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Friday, March 19, 2010

Journalist By Trade-ii

Within hours after learning of the killing of monsignor Romero I filed a recap of my last interview with him. I had talked to the archbishop many times over the years and during the last few months of his life regularly attended his mini press conferences, more like impromptu gatherings with journalists after his Sunday mass.
As noted in my earlier post Monsignor and Me, I was perhaps one of the first to interview him at length shortly after he had been invested Archbishop in 1977. Not that we were at any time particularly close, but it had been then many years since the last time I had talked with him.
For a while back in the early 1960s “el padre Romero” had been chaplain at the Instituto Católico de Oriente, the Marist High School in San Miguel that I attended. Raised as a Baptist [and still an Evangelical Christian, not necessarily a good one] by my father’s paternal side of the family, I kind of drifted into Roman Catholicism while in secondary school.
I didn’t know it during my high school years, but there were a couple of additional coincidences between the two of us.
One is that both his father and mine were namesakes: Santos.
Although many of his childhood acquaintances called him by his first name, my father preferred his middle name, Oliverio, something that probably made me miss on that detail.
We also shared the same birthdates: August 15.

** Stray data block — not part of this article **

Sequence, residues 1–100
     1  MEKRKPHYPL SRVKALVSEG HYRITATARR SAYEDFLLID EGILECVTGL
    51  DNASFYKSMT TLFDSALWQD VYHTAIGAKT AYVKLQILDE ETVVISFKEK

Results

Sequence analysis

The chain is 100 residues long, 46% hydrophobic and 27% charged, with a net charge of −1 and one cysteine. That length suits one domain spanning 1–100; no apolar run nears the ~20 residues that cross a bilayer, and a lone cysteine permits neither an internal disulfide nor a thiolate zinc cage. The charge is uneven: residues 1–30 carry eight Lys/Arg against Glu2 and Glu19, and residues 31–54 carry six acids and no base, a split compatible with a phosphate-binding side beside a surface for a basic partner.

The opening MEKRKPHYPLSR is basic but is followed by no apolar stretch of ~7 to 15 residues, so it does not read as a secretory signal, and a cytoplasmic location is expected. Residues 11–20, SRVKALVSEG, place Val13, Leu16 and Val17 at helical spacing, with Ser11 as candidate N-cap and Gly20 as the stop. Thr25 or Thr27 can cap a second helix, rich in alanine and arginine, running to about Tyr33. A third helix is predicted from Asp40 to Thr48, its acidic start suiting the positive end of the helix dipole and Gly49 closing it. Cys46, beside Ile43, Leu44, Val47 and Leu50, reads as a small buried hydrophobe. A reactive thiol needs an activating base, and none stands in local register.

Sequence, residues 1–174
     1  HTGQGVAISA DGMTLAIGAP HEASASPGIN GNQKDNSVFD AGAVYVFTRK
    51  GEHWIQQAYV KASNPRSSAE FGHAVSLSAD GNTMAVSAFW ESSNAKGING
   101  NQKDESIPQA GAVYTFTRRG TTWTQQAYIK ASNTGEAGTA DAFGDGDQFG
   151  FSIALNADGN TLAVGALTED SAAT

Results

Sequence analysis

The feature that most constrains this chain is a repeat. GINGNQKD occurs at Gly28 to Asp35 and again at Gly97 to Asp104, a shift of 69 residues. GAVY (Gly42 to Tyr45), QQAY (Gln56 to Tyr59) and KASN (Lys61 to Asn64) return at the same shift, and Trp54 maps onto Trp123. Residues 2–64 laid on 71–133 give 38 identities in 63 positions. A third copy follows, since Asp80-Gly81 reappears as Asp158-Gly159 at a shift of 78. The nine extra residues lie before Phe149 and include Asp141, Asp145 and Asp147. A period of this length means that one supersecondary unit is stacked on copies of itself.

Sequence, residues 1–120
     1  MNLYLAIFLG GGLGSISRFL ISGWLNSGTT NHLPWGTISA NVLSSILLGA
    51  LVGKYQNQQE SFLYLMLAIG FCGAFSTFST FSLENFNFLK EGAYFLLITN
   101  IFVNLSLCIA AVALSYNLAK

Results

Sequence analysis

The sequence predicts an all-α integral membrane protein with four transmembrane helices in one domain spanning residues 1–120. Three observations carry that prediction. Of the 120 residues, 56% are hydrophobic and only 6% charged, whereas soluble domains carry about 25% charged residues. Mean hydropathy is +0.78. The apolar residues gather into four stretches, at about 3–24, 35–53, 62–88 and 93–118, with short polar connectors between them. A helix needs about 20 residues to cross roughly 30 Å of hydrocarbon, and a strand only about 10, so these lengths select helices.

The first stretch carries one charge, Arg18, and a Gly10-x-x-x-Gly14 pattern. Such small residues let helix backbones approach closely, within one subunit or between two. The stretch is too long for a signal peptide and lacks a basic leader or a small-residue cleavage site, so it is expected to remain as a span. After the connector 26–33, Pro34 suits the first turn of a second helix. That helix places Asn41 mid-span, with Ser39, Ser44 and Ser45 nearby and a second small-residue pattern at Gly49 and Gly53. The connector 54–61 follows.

At least as far as regarding the one stamped in my birth certificate.
One reason why I never made much of that coincidence is that (as explained to me by my parents) some sort of delay of their own or bureaucratic mistake had me as born on that date, when in fact the birth had been days earlier.
To this day, unless my loved ones [the only ones who know it] wish me happy birthday on the actual date, my birth date is nothing more but data to be entered in legal documents. That day flies by me as just about any other —couldn’t really care less about it.
Once graduated from High School, and absent the pressure of obligated attendance to mass and daily prayers, the return to Baptist practice came back gradually though not immediately. Even if my Protestant roots had not been firmer, there were other reasons for me to get away from Roman Catholicism.
My point in retelling all this is basically to make clear that even though there was recognition from Romero when I mentioned our acquaintance from my teen years, there is no doubt in my mind that for him, mine was just one among the hundreds of once youthful faces lost in a then not so distant past.
Even so, when just a few weeks before his death my editors at EFE in Madrid relayed the request from a South American subscriber magazine for an interview with him, the archbishop agreed promptly to the request. That’s the interview summarized in the image above. (Please click to read.)

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